It is hereby ordered that the temporary administration of the government of the Republic of Cuba in virtue of the requirements of article 3 of the treaty of May 22, 1903, shall be conducted in Habana by the provisional governor, subject to the supervision of the Secretary of War; and all business in relation thereto in this country will be transacted in the Bureau of Insular Affairs of the War Department, where it will be made a matter of official record.
THEODORE ROOSEVELT. THE WHITE HOUSE,
October 23, 1906.
TRADE-MARK REGISTRATION LAW OF CUBA.
Jinister Squiers to the Secretary of State. No. 1321.1
Habana, September 1, 1905. Sir: I have the honor to acknowledge receipt of department's instructions No. 519 4 of July 14, and No. 529 of July 29, with
2 Not printed.
reference to the Cuban trade-mark registration law, and in reply to advise you that the matter was duly brought to the attention of the Cuban Government with a view to correcting the abuses complained of.
The Secretary of State has replied to my representations suggesting that the United States join in the "treaty on patents of invention, industrial drawings, and models and trade-marks,” a treaty that was considered during the second conference which took place in Mexico in 1902, and to which President Palma proposes Cuba shall subscribe.
In inclosing a translation of this note I beg to say that I shall make no further representations, awaiting your instructions. I have, etc.,
H. G. SQUIERS.
The Secretary of State and Justice of the Republic of Cuba to Minister Squiers.
DEPARTMENT OF STATE AND JUSTICE,
DIVISION OF STATE,
August 26, 1905. Mr. MINISTER: I have the honor to acknowledge receipt of your excellency's note No. 745 of the 22d instant, inviting my attention to the statements made by the National Association of Manufacturers of America to the Department of State of the United States relative to the pirating of unregistered trademarks in Cuba and requesting my views on the subject or any suggestion which will put a stop to the abuses complained of.
Complying with your excellency's wish, I beg to state that I have read with care the aforesaid statements and gather therefrom that the legislation regarding the matter is entirely different in our two countries to the extent that to make them alike, even on the point raised by the National Association of Manufacturers, reforms would have to be made on our side by the legislative power; but in lieu of an early innovation in this sense permit me to suggest that the United States adhere to the convention on trade-marks signed by the delegates of the American Republics during the second conference which took place in Mexico in 1902, for the President of the Republic has just proposed to the senate the adhesion of Cuba, and both nations adhering thereto, trade-marks registered in either of them would be duly protected. I take, etc.,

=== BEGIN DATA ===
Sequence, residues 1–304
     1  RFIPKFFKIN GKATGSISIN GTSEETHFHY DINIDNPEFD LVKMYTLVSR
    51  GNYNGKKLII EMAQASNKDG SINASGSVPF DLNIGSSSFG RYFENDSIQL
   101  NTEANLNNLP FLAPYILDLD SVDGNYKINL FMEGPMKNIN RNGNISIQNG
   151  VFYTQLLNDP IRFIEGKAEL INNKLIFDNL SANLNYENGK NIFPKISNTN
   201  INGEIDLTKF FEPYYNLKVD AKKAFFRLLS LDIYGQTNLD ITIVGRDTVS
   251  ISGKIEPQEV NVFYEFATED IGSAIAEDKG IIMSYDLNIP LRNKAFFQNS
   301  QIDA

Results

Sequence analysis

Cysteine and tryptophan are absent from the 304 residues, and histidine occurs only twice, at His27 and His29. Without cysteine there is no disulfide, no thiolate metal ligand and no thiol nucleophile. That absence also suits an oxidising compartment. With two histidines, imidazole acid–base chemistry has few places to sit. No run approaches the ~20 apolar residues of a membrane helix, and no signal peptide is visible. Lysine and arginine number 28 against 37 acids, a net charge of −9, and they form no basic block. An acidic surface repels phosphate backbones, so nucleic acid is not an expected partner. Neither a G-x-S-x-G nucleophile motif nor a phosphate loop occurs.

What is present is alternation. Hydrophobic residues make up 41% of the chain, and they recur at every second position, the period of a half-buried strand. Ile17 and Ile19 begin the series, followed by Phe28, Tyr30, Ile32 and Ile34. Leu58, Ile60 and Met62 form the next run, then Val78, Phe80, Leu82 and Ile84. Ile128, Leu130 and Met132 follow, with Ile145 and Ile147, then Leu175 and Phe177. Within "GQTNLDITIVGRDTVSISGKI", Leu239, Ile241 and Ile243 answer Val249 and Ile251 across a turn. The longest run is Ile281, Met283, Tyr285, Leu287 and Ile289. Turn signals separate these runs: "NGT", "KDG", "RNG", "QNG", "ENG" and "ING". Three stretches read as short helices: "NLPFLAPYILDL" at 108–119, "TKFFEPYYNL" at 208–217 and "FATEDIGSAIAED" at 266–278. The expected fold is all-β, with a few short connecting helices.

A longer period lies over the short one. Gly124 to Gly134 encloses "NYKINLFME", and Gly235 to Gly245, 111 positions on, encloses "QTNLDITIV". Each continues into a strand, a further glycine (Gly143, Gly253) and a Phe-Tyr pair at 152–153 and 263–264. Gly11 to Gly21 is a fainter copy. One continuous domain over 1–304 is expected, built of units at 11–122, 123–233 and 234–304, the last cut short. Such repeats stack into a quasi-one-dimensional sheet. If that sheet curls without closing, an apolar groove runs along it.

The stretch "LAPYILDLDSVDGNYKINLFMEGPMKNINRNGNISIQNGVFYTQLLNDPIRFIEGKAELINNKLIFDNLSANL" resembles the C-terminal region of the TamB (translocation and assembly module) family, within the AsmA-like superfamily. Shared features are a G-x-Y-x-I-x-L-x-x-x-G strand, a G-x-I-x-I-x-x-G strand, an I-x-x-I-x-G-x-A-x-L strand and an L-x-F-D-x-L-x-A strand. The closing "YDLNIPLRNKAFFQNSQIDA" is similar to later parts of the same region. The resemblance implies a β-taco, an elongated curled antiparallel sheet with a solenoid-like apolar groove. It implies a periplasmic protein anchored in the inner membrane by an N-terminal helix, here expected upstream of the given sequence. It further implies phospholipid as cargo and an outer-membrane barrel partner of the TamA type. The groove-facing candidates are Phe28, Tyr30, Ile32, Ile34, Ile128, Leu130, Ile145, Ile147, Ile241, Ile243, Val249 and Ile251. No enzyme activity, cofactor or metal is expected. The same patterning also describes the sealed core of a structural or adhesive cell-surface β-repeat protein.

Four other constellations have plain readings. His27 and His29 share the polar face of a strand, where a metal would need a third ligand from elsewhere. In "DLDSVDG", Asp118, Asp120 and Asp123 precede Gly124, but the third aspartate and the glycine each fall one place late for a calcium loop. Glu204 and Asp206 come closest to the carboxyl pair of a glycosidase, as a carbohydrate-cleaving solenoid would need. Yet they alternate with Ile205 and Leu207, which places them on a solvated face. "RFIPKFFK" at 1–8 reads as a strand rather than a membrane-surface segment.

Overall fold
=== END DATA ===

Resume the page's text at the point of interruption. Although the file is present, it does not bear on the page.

JUAN F. O'FARRILL.
The Secretary of State to Minister Squiers. No. 556.]
DEPARTMENT OF STATE,
Washington, October 30, 1905. Sir: Referring to your dispatch No. 1321, of the 1st ultimo, in regard to the suggestion made by the President of Cuba that the United States join in the “ Treaty on patents of invention, industrial drawings, and models and trade-marks,” drafted at the second PanAmerican conference in 1902, I inclose herewith a copy of a letter from the Secretary of the Interior, by which he informs the department that the Commissioner of Patents recommends that this country shall not join in such a treaty and that he concurs in the commissioner's conclusion. I am, etc.,
DEPARTMENT OF TIIE INTERIOR,
Washington, October 24, 1905. SIR: Your letter of the 9th ultimo has been received, inclosing a copy of a dispatch from our minister at Habana in regard to the suggestion made to him by the President of Cuba that this country join in the “ Treaty on patents of invention, industrial drawings and models, and trade-marks,” drafted at the second Pan-American congress in 1902.
In response thereto, I have the honor to advise you that the Commissioner of Patents, to whom the matter was referred, reports that the treaty contains many provisions contrary to the requirements of the laws of this country, and would therefore make necessary a revision of our laws for the purpose of giving it effect. He further states that in several respects the amendments necessary would be contrary to the fundamental principles upon which the patent system of this country is based.
He adds that for the reasous set forth it would be unwise to make the changes in the existing law of this country which would be necessary to give effect to the treaty, and accordingly recommends that this country shall not join in such treaty. I coucur in his conclusions. Very respectfully,
E. A. HITCHCOCK. .
Chargé Sleeper to the Secretary of State.
Habana, February 1, 1906. Sir: Referring to legation dispatch No. 1321, of September 1 last, and department's reply No. 556, of October 30, 1905, and for the information of such American firms as have trade-marks registered in Cuba and desire their protection in all countries adhering to the convention of Berne, I beg to transmit to the department translation of a ruling issued by the department of agriculture, industry, and commerce defining the steps necessary to be taken to secure protection of trade-marks in those countries subscribing to that convention.